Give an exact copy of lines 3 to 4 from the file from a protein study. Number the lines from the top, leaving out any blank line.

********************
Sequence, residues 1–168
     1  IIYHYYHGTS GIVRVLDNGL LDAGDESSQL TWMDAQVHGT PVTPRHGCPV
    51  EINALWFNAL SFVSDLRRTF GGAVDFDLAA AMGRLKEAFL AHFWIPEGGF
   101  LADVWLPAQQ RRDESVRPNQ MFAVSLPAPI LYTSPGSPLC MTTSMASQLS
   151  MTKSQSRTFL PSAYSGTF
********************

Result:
    51  EINALWFNAL SFVSDLRRTF GGAVDFDLAA AMGRLKEAFL AHFWIPEGGF
   101  LADVWLPAQQ RRDESVRPNQ MFAVSLPAPI LYTSPGSPLC MTTSMASQLS